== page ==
When I first got into the web – back in the mid 90s – website design was like a brave new art form. It was exciting, it was modern and to me it was kind of mysterious. Even though I was never much of a designer, I was eager to be around that world. It was the best gig in town.
Then after the dot com bubble burst, around the year 2000, nobody cared about website design any more. On a personal note, I took a four year break from the web and pretty much slept for four years. By the time I got out of bed, four years later, the IT landscape had changed dramatically. Website design, alone, wasn’t really enough to bring in any sort of high standard of living. If you wanted a good standard of living from the IT world then you needed to do more than just design. That was the reason why I decided to focus on web development and I taught myself how to build shopping carts, invoice systems and things of that nature. Technical stuff. So, web development (building applications for the web, using a scripting language like PHP) was where the action was. The pace was fast and the pay was good.
Meanwhile, all those talented designers were kicked to the curb. The wages for web designers have typically been low to average and the supply of web designers far outweighs the demand. Of course, sites like Template Monster, Dream Template and 99 Designs didn’t do many favours for the website design community. For more than a few years it has seemed like website designers are sort of pointless. I mean, why hire a designer when you can buy a template for about thirty quid?
However, I think change is in the air. Website designers are no longer the lost, hopeless refugees of the IT world. Now it’s the web development community – once so proud and confident – who are getting sand kicked in their face. Designers, on the other hand, are bouncing back.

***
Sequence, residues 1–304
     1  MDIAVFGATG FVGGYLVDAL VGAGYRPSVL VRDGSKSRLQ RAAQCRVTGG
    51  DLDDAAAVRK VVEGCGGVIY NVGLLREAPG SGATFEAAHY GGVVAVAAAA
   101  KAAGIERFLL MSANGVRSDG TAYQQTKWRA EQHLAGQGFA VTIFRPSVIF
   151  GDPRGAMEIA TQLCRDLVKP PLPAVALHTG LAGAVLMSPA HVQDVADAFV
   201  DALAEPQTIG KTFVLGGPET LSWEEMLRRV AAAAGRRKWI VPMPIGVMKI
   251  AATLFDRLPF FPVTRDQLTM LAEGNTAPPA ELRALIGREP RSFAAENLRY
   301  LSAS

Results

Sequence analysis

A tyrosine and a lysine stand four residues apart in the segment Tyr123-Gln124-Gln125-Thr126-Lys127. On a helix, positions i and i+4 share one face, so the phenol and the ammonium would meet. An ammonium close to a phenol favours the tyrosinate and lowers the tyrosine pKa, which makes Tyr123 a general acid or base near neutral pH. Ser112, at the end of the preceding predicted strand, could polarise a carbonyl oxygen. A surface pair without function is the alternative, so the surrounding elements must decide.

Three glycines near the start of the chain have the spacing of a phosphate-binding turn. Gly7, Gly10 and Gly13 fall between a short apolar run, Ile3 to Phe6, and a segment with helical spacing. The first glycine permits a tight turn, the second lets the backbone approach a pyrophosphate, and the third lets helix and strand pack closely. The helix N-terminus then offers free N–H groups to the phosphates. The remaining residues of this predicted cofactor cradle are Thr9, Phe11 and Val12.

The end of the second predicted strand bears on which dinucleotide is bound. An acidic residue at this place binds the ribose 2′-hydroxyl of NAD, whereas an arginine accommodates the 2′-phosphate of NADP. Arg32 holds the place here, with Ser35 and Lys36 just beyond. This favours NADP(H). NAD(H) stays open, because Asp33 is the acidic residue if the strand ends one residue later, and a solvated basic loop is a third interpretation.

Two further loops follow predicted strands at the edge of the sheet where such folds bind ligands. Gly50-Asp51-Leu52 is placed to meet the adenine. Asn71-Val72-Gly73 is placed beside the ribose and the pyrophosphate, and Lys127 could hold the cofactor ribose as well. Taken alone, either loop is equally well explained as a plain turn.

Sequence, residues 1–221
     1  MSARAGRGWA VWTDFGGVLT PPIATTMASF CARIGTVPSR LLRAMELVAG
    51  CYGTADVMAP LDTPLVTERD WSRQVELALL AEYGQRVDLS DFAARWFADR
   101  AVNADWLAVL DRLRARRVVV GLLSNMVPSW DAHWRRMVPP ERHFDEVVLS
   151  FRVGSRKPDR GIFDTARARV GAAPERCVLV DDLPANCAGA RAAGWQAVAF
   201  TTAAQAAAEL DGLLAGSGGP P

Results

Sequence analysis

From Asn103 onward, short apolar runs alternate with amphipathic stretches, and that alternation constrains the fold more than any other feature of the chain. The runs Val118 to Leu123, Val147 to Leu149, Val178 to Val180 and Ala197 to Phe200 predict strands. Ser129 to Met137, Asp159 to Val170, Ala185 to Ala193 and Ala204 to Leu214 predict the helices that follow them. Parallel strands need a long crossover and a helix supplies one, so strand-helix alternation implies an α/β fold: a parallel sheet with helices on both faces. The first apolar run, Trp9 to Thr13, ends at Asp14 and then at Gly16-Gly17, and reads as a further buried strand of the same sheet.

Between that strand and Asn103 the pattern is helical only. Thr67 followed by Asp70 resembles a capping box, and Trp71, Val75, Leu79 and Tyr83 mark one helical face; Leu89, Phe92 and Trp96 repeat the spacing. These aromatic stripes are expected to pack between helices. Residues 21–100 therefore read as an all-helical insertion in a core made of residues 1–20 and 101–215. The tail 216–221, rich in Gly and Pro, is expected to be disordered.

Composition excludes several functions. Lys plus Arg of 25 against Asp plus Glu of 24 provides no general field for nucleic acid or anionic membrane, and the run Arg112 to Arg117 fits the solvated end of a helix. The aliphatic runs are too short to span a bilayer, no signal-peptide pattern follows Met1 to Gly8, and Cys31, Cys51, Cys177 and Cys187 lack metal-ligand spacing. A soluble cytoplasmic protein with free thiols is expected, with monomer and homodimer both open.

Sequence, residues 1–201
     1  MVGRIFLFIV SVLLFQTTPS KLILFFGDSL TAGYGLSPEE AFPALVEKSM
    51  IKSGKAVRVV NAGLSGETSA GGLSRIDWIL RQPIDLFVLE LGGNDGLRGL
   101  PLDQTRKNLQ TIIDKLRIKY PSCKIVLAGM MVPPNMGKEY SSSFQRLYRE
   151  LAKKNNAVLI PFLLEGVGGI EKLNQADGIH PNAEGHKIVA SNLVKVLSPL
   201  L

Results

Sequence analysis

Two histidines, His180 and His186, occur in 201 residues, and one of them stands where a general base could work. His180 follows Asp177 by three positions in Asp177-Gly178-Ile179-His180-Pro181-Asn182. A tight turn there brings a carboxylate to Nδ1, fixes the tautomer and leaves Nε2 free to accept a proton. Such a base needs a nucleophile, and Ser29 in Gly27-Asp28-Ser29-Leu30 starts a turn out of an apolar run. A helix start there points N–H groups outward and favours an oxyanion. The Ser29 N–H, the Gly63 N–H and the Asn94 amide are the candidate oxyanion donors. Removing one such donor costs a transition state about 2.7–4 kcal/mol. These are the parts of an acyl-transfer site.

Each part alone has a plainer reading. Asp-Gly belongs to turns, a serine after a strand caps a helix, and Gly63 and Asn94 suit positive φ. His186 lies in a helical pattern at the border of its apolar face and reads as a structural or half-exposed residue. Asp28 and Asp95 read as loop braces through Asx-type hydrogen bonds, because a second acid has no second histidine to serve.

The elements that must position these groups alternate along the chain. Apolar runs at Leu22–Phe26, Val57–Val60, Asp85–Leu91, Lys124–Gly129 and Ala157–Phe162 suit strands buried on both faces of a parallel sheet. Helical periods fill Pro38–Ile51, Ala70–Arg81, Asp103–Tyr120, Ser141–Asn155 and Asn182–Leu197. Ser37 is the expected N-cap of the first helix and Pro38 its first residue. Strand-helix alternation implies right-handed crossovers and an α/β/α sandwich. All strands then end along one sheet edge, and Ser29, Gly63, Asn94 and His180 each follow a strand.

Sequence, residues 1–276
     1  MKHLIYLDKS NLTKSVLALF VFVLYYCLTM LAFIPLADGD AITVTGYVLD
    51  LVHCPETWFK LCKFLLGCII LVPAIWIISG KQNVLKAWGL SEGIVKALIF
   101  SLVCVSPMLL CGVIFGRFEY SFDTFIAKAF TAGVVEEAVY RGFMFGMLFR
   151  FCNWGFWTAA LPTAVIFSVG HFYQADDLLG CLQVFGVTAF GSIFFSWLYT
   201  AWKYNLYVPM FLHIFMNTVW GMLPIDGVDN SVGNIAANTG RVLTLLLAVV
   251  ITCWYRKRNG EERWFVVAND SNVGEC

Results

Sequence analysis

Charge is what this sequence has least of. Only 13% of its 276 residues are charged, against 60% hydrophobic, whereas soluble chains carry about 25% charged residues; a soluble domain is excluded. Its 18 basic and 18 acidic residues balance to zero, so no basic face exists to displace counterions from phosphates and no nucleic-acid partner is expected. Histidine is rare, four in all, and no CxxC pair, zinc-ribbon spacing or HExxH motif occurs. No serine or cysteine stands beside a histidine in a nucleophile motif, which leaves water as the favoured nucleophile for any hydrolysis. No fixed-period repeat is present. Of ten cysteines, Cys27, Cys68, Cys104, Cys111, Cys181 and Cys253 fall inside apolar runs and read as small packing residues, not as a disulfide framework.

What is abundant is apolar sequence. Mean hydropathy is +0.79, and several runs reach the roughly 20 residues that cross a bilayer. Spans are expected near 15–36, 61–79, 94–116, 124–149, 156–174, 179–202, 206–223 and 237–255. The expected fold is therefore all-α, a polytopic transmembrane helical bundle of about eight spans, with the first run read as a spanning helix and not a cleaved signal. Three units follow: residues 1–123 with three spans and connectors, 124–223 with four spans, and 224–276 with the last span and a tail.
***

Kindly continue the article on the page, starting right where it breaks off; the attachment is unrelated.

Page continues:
CMS systems like WordPress and Joomla are enabling people with little or no coding experience to build very sophisticated, database driven sites. On those platforms modules can be downloaded for free and bolted on in just a few clicks of the mouse. On top of that sites like Elance, oDesk and Fiverr have driven the cost of development down to insanely low levels. Sure, there is still a market for premium web development services – for example, using frameworks like Zend. However, that premium market is certainly being challenged by the plug n play community.
So, where does this leave website design? Well, that’s the funny thing. As time marches on I’m seeing more and more people becoming sick of template websites. Personally speaking, I can usually spot if a design was created from a downloaded template instantly. As far as I can tell, people are sick of seeing the same old stock pictures and they’re sick of the same old boring page layouts. If I see another template with two shaking hands and a Flash animation banner along the top of the page then I think I’ll scream! Those templates all seem to have the same bland look and feel don’t they? And of course, creating an original, striking, revenue generating design isn’t something that can be done in a few clicks (unlike web development!).
Website design is a slow process. I’m not a designer but I can appreciate that it takes time and effort to do the job right. So, day to day, I’m seeing the price of design going up and up. We may live in an age where we can automate lots of things – but design isn’t one of them. You’ll never be able to automate a great design process. Software can’t do it and neither can grossly underpaid freelancers.
I’m beginning to think that maybe this isn’t a bad time to be a website designer.